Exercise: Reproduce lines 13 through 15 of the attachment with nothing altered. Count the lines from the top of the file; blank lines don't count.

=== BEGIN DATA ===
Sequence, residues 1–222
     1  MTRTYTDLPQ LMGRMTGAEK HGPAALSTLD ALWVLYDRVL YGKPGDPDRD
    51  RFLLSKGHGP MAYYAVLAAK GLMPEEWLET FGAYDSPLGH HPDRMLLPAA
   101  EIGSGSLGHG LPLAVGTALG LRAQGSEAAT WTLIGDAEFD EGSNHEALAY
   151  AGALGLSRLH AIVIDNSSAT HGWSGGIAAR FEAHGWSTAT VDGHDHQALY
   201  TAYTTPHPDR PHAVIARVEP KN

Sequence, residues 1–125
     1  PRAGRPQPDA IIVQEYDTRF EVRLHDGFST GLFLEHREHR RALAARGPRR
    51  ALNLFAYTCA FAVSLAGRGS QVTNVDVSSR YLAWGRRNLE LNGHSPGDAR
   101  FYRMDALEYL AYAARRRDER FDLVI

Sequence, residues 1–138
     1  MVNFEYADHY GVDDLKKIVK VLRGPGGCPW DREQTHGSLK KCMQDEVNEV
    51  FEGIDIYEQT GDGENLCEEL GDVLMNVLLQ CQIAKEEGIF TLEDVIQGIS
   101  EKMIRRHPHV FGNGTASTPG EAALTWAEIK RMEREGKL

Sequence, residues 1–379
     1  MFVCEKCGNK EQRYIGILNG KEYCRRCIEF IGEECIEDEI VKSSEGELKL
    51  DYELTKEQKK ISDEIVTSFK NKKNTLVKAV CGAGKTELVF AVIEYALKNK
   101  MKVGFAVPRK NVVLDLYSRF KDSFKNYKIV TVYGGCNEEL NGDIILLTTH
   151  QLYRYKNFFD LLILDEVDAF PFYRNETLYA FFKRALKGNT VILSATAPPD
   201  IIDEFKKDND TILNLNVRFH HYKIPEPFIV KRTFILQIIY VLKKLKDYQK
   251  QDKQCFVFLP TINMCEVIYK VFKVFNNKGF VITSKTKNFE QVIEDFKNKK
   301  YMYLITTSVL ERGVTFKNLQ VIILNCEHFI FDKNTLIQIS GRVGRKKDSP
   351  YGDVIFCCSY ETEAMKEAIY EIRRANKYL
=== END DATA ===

    51  FEGIDIYEQT GDGENLCEEL GDVLMNVLLQ CQIAKEEGIF TLEDVIQGIS
   101  EKMIRRHPHV FGNGTASTPG EAALTWAEIK RMEREGKL

Sequence, residues 1–379